Monday, August 29, 2016

John Albert Chadwick, WWI vet who left Cambridge logic for an Ashram

My list of UK philosophers who served in WWI must be expanded to include John Albert Chadwick. I learned of this philosopher from C. D. Broad's obituary for him in Mind. (vol. 49 [1940]: 129-131)

Chadwick's main contribution to analytic philosophy is his paper in Mind called 'Logical Constants'(vol. 36 [1927]: 1-11) His other publications included articles, reviews, and discussion notes in Mind. They are chiefly devoted to philosophical logic.

Chadwick was born in Lewes, England (May 23, 1899), to the Rev. Albert Chadwick and Madeleine Ann Chadwick (née Comper). She was born in 1866 in Aberdeen; the father was born in 1863 in Yorkshire.

Broad reports that John Chadwick entered the Special Brigade of the Royal Engineers 'towards the end' of WWI. (Broad, 'John Albert Chadwick: 1899-1939', Mind 49: 129) According to a 'Supplement' to the London Gazette, (June 21, 1918, p. 7291) Chadwick was made (temporarily) a 2nd Lieutenant in the Royal Engineers on May 29, 1918. He seems to have finished the War with that rank. The Special Brigade of the Royal Engineers was formed to handle and release chemical weapons.

After the War, Chadwick began his studies at Cambridge University in 1920. In 1925, he won a fellowship at Trinity College, Cambridge.

Broad writes that the War left 'scars on [Chadwick's] spirit'. (Broad, 129) He adds that Chadwick's early promise in philosophical logic was compromised by a physical illness, the loss of a close friend, and 'another emotional upset' (not further specified). (Broad, 130) According to Broad, the psychological toll exacted by these experiences led Chadwick to become 'aloof from and unreasonably suspicious of many of his colleagues'. (Broad, 130)

Broad says that Chadwick befriended an older couple in Cambridge, John Stuart Mackenzie and Millicent Mackenzie. They were retired academics who devoted much of their time to traveling. J. S. Mackenzie was a respected Hegelian; Millicent Mackenzie, too, was interested in Hegel and had published a book on his philosophy of education. In their retirement, the Mackenzies cultivated an interest in theosophy (which took an interesting form in England) and, in particular, the writings of Rudolf Steiner. They shared with Chadwick an interest in Indian spiritual philosophy.

Via, I learned that the Mackenzies brought Chadwick along on at least one of their trips. According to the UK Outward Passenger Lists (1890-1960), the three of them departed from Liverpool on July 29, 1926 and traveled 1st-class to Marseilles aboard the Leicestershire. The UK Incoming Passenger Lists (1878-1960) indicate that they returned to England (London) on the Lancashire on Aug. 30, 1926. These two ships originated or terminated their voyages in Rangoon (with stops in Colombo), but the records show that Chadwick and the Mackenzies traveled only as far as Marseilles. All three of the travelers gave their address as being at 2 Hertford St., Cambridge, so Chadwick might have been renting a room in the Mackenzies' house. Strangely, he's identified in the records for the outgoing leg of the trip as a 26-year-old professor but in the records for the return trip (in August) he is a 27-year-old student. (Perhaps he unlearned something in Marseilles.)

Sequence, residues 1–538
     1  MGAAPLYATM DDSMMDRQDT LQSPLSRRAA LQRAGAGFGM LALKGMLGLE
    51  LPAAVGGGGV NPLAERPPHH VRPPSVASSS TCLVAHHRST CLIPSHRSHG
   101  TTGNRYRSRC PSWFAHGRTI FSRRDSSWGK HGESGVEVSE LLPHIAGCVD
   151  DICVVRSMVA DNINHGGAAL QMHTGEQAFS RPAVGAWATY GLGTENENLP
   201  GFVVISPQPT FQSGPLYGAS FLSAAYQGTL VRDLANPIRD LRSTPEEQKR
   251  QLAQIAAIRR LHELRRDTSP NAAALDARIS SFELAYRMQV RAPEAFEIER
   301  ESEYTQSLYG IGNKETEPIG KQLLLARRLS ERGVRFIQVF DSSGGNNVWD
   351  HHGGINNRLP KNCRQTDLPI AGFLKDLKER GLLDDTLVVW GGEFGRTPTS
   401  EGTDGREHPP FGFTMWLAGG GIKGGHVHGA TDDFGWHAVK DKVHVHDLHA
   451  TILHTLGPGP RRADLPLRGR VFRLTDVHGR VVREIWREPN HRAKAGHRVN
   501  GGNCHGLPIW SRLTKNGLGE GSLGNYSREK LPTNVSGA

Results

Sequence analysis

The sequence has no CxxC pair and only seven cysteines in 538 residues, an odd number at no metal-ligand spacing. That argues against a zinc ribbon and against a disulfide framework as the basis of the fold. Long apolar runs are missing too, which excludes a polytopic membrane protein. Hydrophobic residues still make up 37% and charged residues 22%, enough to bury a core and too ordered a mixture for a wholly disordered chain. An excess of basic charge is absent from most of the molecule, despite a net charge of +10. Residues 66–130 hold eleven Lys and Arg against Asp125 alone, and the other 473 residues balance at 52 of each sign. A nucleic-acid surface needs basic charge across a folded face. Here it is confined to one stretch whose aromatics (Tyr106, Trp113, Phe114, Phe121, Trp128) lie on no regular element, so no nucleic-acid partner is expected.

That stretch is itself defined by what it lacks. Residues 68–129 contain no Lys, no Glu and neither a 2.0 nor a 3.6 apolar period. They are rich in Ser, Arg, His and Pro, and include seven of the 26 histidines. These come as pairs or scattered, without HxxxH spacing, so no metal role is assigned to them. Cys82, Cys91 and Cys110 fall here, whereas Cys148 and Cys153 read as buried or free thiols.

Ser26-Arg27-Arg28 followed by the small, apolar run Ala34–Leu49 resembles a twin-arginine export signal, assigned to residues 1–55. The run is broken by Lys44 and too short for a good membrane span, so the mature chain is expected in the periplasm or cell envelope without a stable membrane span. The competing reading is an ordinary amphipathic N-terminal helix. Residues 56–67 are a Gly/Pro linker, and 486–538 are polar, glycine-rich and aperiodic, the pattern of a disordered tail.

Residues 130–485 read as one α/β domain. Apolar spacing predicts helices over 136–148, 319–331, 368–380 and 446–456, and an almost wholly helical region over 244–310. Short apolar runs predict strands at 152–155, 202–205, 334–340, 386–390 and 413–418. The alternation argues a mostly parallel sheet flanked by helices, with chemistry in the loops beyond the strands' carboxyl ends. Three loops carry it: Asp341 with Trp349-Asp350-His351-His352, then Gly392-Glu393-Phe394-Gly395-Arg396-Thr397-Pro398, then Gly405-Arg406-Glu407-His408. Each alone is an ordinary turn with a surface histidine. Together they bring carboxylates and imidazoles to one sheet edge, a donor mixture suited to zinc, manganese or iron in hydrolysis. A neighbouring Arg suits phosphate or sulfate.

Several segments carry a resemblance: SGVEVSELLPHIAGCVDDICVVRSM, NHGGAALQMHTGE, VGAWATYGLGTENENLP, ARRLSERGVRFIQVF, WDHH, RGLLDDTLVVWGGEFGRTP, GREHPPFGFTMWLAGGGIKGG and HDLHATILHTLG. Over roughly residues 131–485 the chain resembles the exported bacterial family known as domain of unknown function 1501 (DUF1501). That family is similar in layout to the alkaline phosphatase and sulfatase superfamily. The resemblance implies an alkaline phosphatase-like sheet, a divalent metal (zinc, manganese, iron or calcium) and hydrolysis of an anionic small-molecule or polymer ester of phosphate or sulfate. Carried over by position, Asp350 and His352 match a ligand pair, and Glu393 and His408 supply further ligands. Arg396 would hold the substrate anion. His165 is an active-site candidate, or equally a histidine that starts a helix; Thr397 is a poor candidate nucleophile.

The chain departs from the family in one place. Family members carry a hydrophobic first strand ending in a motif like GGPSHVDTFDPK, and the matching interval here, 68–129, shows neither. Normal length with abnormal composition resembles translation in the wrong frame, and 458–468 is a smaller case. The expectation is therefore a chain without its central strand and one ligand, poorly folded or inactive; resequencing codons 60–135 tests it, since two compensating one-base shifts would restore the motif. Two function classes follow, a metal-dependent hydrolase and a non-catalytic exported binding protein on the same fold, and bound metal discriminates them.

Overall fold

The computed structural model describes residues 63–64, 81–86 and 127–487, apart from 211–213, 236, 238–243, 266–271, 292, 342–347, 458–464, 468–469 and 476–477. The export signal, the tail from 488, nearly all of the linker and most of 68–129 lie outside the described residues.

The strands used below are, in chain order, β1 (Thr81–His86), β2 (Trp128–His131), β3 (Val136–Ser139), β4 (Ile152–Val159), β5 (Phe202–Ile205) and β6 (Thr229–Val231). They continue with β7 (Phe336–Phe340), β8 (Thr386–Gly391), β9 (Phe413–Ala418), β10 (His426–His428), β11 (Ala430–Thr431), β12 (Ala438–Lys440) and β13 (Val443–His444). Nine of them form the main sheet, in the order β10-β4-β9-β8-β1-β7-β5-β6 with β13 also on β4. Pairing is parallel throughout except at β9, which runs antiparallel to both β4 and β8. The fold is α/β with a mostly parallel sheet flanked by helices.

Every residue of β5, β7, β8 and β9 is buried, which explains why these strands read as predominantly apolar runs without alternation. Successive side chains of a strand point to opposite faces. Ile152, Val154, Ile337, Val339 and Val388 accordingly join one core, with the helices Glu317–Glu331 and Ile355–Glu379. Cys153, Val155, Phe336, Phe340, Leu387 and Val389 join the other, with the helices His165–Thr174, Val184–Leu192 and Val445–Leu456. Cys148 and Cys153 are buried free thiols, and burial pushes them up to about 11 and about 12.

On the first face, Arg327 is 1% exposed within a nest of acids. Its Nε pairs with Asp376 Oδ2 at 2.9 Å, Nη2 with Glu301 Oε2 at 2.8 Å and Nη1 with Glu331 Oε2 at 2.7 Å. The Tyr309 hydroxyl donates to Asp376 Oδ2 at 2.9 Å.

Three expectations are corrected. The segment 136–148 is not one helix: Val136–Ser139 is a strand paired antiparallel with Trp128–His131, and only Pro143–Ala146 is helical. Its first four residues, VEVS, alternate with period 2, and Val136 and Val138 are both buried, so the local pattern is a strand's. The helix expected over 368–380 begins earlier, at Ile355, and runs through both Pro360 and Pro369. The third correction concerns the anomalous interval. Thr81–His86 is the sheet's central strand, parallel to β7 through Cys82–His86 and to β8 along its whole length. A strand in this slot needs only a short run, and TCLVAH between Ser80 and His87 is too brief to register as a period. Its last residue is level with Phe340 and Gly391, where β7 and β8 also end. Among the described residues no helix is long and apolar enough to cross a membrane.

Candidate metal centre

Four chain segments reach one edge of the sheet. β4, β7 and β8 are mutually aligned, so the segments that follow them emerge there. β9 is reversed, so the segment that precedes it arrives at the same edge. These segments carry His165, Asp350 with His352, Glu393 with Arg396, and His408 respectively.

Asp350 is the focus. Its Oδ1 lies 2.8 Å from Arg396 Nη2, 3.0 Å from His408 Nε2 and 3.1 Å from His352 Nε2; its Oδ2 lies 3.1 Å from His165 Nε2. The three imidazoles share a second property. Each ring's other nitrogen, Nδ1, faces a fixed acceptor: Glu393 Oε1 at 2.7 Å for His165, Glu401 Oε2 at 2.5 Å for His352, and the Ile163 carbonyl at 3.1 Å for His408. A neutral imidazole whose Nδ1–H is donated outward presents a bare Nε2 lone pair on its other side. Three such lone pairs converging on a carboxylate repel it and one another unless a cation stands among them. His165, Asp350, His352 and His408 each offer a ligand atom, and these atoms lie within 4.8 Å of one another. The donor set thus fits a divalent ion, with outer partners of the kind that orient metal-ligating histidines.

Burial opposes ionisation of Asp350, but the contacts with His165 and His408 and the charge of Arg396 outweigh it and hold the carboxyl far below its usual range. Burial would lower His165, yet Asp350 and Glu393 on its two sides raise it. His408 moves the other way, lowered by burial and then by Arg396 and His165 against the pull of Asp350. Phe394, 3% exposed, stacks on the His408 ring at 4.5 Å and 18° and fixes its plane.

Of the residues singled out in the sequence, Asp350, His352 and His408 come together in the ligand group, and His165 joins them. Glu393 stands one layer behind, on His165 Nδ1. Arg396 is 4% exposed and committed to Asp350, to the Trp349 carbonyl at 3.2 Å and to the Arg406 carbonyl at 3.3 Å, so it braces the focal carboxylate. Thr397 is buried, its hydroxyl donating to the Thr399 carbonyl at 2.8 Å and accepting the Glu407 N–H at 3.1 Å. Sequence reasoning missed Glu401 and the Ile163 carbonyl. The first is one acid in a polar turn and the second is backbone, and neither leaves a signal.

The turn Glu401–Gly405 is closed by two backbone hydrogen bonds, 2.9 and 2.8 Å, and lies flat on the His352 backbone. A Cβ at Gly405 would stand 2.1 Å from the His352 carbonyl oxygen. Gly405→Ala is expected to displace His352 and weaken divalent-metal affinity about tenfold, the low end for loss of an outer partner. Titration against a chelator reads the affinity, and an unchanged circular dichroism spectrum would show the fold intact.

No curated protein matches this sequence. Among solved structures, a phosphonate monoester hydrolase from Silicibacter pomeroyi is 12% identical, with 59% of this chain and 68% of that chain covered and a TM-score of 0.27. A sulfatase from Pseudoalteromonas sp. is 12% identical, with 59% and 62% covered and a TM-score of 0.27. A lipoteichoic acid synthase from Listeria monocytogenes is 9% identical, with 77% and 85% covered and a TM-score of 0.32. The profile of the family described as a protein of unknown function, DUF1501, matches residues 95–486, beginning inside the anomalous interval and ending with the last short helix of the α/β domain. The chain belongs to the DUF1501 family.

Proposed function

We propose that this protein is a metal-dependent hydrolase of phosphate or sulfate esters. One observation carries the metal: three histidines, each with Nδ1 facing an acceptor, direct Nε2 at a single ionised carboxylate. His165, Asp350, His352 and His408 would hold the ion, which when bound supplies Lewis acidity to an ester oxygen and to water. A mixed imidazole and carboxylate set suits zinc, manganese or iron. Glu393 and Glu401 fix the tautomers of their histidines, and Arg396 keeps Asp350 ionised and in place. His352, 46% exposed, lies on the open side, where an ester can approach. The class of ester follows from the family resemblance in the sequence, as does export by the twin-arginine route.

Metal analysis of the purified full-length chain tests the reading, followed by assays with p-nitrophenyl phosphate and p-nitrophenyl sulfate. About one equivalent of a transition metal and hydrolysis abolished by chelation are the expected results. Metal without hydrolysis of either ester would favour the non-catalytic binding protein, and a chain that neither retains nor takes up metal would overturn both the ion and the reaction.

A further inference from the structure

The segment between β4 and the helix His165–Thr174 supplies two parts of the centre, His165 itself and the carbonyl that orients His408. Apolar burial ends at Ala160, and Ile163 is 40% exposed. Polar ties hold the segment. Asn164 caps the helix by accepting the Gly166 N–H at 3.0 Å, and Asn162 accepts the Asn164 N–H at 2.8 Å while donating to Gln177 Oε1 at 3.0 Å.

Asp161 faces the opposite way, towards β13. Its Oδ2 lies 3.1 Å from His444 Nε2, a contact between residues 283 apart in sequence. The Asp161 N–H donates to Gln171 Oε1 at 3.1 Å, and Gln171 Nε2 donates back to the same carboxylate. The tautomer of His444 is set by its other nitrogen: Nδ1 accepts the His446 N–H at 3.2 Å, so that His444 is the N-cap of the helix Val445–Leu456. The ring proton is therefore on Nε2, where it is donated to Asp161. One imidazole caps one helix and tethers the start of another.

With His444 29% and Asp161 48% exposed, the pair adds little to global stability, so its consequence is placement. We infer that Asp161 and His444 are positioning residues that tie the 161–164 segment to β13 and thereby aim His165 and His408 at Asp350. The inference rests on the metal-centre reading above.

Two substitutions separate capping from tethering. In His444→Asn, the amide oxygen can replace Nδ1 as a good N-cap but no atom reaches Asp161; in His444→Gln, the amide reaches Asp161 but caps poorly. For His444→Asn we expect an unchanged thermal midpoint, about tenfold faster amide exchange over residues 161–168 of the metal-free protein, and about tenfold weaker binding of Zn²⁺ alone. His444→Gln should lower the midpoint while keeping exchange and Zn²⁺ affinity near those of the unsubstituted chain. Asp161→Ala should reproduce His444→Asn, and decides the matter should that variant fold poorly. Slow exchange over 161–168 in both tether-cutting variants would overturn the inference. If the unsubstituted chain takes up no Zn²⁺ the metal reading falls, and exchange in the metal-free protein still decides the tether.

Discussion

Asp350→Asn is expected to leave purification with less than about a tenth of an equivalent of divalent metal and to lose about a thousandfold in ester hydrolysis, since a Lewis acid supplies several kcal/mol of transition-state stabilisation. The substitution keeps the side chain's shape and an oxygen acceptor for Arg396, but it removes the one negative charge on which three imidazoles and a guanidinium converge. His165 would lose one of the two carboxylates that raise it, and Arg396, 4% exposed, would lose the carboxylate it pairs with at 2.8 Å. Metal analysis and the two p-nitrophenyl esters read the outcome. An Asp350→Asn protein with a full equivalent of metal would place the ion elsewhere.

In 1927, the Mackenzies helped to secure a teaching position for Chadwick at Lucknow University. (Broad, 130) In 1930, Chadwick resigned his position there and entered the Sri Aurobindo Ashram in Pondicherry, India. He there took the name Arjava and wrote much poetry.

Chadwick's decision to leave the university might have been influenced by a similar choice that had been made by an English professor at Lucknow, Ronald Nixon. Nixon, too, was a WWI vet who studied at Cambridge after the War. He resigned from Lucknow in 1928 and took the name Krishna Prem. (Nixon is among those who is thought to have influenced Somerset Maugham's writing of The Razor's Edge, although the novel's main character might also have been inspired by Major Alan W. Chadwick, yet another English WWI vet seeking enlightenment in India.)

John Albert Chadwick died on May 5, 1939 near Bangalore. He left his money (a little more than £939) to his mother. (England & Wales, National Probate Calendar [Index of Wills and Administrations] 1858-1966)

Update (Oct. 15, 2016): For a small fee, I obtained a copy of J. A. Chadwick's military records from the British National Archives.

According to those records, Chadwick was a student at Marlborough College when he joined the British army. He gave his address as 'Field House, Marlborough College'. He had been in the Officers Training Corps at Marlborough (from May, 1913 until his enlistment in the army). His attestation papers are dated Feb. 19, 1917. On May 11, 1917, he applied for admission to an officer cadet unit, with a preference indicated for the Siege Artillery. His application includes the signature of his housemaster at Marlborough, C. C. Carter (later a geography professor at Oxford University), who attested to Chadwick's moral character. In his application, Chadwick said that he had never suffered from a 'serious illness or injury', had 'never suffered from "fits" of any description', and could see well without needing eyeglasses. His height was 5 ft 9 3/4 inches and he weighed 113 pounds. His application was approved on June 1, 1917.

He was mobilised and posted to the Devonshire Regiment on Dec. 31, 1917. On Jan. 3, 1918, he was attached to 'no. 5' (5th Battalion?) as an officer cadet. He was discharged from the Devonshire Regiment on May 29, 1918 in order to be transferred to the Special Brigade of the Royal Engineers. The last unit in which he served was the '350th'. His 'theatre of war' is listed as 'France'. He ceased being paid by the army on Oct. 21, 1919.

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